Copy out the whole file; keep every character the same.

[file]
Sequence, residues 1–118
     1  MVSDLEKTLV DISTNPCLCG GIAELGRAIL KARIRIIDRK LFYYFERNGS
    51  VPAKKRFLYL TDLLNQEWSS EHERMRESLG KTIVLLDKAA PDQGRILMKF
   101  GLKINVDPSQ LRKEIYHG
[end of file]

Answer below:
Sequence, residues 1–118
     1  MVSDLEKTLV DISTNPCLCG GIAELGRAIL KARIRIIDRK LFYYFERNGS
    51  VPAKKRFLYL TDLLNQEWSS EHERMRESLG KTIVLLDKAA PDQGRILMKF
   101  GLKINVDPSQ LRKEIYHG